Estimates: The 95% Done Syndrome

We’ve already discussed the black art of software estimates and how you might practically approach getting a reasonable digit. There’s another side to software estimates: missing deadlines.
I love deadlines. I like the whooshing sound they make as they fly by.

Douglas Adams

It’s 95% done

If you’ve been in the business more than a couple of months, you know the drill. You’re not going to make it and you (and possibly everyone else) knows it. But you soldier on, quietly grinding your teeth and on the inside hoping for a small miracle. And when (as always) the miracle fails to manifest itself come due date you have to confess – “I’m behind”.

Its so easy to get there. Even if there’s weekly follow ups and beautiful gantt schemes. Its usually in one of two ways:

a) The vague response: “Yeah, i’m only slightly behind schedule. Its 95% done – only cleaning up and tests left. I’m sure well make up for it in the next week”. But has it ever?

b) The tough guy: “Its done when its done”. This is just as unhelpful. Remember your clients clients? They’re going to look elsewhere if all your client has is “its ready when its ready”. And then you’ll be out of business.

Flag up

Cause it takes courage not wind up at due date with nothing to show. The minute you realize you’re gonna botch the time limit – let someone know. Flag up, as loud and as clear as you can. Yes, you might get scalded. That’s part of work. Be prepared for this by having numbers on how far you’ve gotten, what work you think remains, and where the estimate went wrong. Also, if needed take time to calmly explain again what the word estimate means. This part is like a loosing a band aid. Its going to hurt – might as well get it off fast and promptly.

Otherwise the hurt is going to come in two ways – first on yourself in the form of stress. You will dance to the old familiar tune: hope for the best, maybe some magic will happen on the way, skimp a little on the tests. The second in form of a larger scalding when due date is up and you have nothing to show for.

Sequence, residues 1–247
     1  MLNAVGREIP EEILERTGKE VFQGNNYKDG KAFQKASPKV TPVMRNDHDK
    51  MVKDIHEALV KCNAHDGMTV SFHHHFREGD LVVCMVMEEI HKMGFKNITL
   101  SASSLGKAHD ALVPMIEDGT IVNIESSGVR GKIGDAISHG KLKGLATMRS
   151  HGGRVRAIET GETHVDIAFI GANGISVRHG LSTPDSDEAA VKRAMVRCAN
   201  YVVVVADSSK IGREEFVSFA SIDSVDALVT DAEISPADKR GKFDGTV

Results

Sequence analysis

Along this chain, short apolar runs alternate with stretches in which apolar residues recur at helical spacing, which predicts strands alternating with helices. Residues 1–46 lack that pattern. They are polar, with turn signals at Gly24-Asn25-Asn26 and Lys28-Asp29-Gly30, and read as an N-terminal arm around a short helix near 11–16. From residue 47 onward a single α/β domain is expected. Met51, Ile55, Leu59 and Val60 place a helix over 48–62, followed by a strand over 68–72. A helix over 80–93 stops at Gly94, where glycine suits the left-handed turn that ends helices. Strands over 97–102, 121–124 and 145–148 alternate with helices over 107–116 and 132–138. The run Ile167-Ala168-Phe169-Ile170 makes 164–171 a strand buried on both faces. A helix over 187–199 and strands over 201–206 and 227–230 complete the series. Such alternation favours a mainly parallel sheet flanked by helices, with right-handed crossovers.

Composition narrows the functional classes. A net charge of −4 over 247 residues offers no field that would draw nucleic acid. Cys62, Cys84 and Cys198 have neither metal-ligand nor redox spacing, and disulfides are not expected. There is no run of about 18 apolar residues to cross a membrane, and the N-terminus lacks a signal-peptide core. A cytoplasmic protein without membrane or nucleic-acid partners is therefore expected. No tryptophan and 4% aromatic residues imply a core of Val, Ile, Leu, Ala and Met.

Here’s something I’ve learned: There’s always room for negotiation. I’ve yet to meet a client or recipient of our software that wasn’t happier getting something on the scheduled delivery date than getting everything later (at least after they’ve calmed down). Yeah. The clients. Those who pay you. See – chances are that they in turn have clients. And that your clients have made commitments to their clients in turn.

If they get on the due date that you’re not going to make it – they’ll get scaldings from their clients etc and since you’re the producer – the endline of the food chain, guess where that heat is going to be forwarded? Even if your client is an end consumer, they’re going to look elsewhere if you keep postponing the delivery date.

Benefits for everyone!

What you are giving your client when you flag up a delay directly is time to re-plan. Maybe they can launch without all the bells and whistles? Maybe there’s manual workarounds that can be solved with a later delivery? Ask them what the core functionality is and how you can get as close as possible given the time that is left. Work with them and negotiate.

What you are giving yourself is room to breathe. Your deadline might still be tight, you now you’ve got an honest chance again. And that saves a lot of aspirins and sleepless nights. Not to mention that the best software is written under achievable deadlines.